Others have hinted, in the sleazy way these things are done, that she won the Golden Globe Award for best new actress because her husband somehow influenced the voting. When you get down to it, how many new actresses are there since Vivien Leigh, so why not Pia?

We live in a defamatory age. It turns out Pia was not naked, but had on a bathing suit ("you understand European bathing suits are not always like ours") and besides, that was only once. And in a different country and a long time ago.

She does love to buy clothes. She loves to shop. And she doesn't lie about this vice, which men judge harshly and the more harshly as they acquire wives and daughters, nor does she pretend she just shops for an aunt in a distaff house. No sir, bold as brass, she shops for herself and buys things like mad.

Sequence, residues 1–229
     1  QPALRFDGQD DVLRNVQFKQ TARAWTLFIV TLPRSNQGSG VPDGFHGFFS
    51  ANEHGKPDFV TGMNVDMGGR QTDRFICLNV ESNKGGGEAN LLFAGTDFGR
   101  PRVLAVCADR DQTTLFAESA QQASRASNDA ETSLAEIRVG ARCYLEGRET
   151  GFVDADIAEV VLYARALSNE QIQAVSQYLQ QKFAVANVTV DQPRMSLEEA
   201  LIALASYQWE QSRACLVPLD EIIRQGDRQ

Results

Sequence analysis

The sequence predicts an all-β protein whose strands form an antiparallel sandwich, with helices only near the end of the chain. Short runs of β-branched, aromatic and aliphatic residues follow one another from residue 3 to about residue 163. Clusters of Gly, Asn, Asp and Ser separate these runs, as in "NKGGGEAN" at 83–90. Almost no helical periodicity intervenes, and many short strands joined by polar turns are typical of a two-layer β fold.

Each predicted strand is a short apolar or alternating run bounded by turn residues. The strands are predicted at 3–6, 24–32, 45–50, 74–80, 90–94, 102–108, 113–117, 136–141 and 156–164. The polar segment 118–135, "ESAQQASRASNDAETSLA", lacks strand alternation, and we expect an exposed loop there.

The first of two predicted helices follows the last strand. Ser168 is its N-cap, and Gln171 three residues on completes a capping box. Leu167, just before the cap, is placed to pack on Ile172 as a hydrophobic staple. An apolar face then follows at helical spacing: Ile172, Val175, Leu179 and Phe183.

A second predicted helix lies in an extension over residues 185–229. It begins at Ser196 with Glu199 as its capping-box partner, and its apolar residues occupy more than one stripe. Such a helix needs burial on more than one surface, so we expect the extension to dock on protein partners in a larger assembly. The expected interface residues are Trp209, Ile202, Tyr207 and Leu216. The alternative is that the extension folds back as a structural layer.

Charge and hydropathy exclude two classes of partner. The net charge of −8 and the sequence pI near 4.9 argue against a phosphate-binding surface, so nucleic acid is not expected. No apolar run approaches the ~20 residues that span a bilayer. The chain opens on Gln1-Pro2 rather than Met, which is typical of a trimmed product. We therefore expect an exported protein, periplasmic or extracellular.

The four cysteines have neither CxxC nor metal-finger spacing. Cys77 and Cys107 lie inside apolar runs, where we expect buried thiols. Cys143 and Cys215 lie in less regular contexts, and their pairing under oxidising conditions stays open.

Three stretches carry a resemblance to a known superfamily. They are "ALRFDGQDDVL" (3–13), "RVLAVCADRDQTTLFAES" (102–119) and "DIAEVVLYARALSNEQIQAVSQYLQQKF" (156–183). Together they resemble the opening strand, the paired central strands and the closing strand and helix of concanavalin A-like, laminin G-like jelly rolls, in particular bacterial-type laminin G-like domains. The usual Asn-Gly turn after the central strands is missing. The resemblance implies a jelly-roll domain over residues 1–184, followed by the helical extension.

"Oh golly," one might cry, "you have been killing innocent animals," as she put on a fox fur coat.

"Well, they do keep you warm," she said, "and, honestly, they were already dead when I bought them."

Let's see now. There may be something wrong with that argument. But what the hell. She smiled and bounced off like a kitten to sign some record jackets.

Speaking of kittens, her mother is now wardrobe mistress of the Broadway musical, "Cats," in which everybody dresses in cat suits. For quite a while Pia thought it was "Katz," possibly about some nice old man in the garment district.

But, look, nobody can know absolutely everything.